The non-science of Fringe: Subject 13

Fringe : Season 3 : Episode 15 : “Subject 13”

Walter asks Olivia about her home life.

Walter asks Olivia about her home life.

Back to 1985! This week features exposition-a-palooza, with the backstory for how Earth-2 started on the path to wreaking revenge on Earth-1. The episode was enjoyable, but understandably science-light.

This episode is debunked at Polite Dissent and Cordial Deconstruction, and you can read more about it at Fox, IMDb and the A.V. Club.

Random thoughts

Looks like my theory about Walter’s lab assistant dying in the fire that Oliva started was completely wrong. How did that kid escape unburned when the rest of the room was so badly scorched?

The periodic table in Walter’s office looks a little “full” for 1985 – elements 110 and higher had not been discovered yet. It is conceivable that his table has placeholder entries for elements yet to be discovered (much like Mendeleev himself did for germanium, gallium and scandium), but I can’t read them (oh, for HD).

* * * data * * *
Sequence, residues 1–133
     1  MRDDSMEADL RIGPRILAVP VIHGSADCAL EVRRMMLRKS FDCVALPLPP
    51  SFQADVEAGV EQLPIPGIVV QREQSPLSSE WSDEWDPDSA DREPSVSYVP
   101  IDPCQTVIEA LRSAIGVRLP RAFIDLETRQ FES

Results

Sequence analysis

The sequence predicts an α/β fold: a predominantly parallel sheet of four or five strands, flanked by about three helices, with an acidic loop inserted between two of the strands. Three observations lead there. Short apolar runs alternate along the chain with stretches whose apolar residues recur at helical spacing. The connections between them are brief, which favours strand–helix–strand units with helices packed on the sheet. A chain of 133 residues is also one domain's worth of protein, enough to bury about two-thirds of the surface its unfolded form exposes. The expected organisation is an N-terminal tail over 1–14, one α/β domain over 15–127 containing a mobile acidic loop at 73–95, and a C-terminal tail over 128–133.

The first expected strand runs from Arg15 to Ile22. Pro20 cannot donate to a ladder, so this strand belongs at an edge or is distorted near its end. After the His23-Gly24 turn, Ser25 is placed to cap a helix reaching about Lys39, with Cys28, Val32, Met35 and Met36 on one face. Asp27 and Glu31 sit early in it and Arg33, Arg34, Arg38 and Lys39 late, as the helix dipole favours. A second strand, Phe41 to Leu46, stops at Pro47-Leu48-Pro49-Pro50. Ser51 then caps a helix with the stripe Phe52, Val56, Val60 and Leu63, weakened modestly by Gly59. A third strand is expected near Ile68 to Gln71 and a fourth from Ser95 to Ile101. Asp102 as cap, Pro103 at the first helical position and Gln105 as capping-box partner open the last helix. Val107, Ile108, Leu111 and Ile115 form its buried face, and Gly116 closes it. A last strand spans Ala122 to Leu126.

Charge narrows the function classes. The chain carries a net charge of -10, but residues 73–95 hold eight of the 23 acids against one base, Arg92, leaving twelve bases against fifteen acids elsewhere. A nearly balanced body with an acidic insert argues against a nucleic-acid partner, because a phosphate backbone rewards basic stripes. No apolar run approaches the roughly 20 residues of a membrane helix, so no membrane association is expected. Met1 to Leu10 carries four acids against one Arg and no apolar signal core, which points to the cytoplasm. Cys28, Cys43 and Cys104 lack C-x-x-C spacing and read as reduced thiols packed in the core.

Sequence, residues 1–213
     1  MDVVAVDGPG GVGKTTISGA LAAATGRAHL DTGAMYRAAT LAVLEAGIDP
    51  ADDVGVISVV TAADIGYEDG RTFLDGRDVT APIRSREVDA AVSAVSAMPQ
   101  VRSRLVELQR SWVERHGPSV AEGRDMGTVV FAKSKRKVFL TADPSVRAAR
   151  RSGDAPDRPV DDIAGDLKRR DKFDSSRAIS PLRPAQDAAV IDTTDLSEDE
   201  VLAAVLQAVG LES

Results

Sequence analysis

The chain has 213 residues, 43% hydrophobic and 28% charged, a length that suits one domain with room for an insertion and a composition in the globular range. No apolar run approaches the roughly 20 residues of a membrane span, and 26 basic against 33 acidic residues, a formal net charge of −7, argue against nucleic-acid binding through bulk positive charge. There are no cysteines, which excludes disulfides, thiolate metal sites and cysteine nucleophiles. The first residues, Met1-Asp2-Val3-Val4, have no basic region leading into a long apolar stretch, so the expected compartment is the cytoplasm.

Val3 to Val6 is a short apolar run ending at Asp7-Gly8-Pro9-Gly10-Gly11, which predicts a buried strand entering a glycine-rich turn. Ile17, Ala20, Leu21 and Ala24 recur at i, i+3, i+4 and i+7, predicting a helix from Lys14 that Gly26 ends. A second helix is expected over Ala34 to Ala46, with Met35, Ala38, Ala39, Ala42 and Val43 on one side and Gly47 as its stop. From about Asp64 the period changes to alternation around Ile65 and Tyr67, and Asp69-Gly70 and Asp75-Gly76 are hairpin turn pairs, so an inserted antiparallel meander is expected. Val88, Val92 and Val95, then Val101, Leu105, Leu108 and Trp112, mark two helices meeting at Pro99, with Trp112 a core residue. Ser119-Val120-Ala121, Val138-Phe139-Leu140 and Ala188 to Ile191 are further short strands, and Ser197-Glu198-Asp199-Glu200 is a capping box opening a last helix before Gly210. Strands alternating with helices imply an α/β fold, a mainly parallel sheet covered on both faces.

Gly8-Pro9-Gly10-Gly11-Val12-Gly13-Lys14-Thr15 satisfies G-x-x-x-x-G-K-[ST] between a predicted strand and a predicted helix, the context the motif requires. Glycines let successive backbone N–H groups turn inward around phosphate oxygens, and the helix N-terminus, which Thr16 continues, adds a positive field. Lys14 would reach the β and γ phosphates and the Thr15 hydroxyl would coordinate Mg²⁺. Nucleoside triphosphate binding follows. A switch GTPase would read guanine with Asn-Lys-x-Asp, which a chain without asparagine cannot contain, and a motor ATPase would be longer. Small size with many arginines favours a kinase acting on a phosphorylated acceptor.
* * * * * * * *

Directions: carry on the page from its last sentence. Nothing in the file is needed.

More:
Citric acid.

Citric acid.

The molecule on the classroom blackboard (when Walter is in the meditation circle with the children) is an abbreviated displayed formula for citric acid. It’s hard to tell what the ball-and-stick drawing on the backboard in the office is, as there are no atomic labels.

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3 Responses to The non-science of Fringe: Subject 13

  1. Karl Withakay says:

    Thanks to a 60″ HDTV, I can tell you the periodic tables (regular and circular)were totally anachronistic. I cover them in depth in the Deconstruction for this episode on my blog.

    • John says:

      Good catch there! You’d think that the writers could have easily gotten hold of a 1986 periodic table in any high school. ;)

  2. Karl Withakay says:

    (That’s at Cordial Deconstruction mentioned at the beginning of this post)

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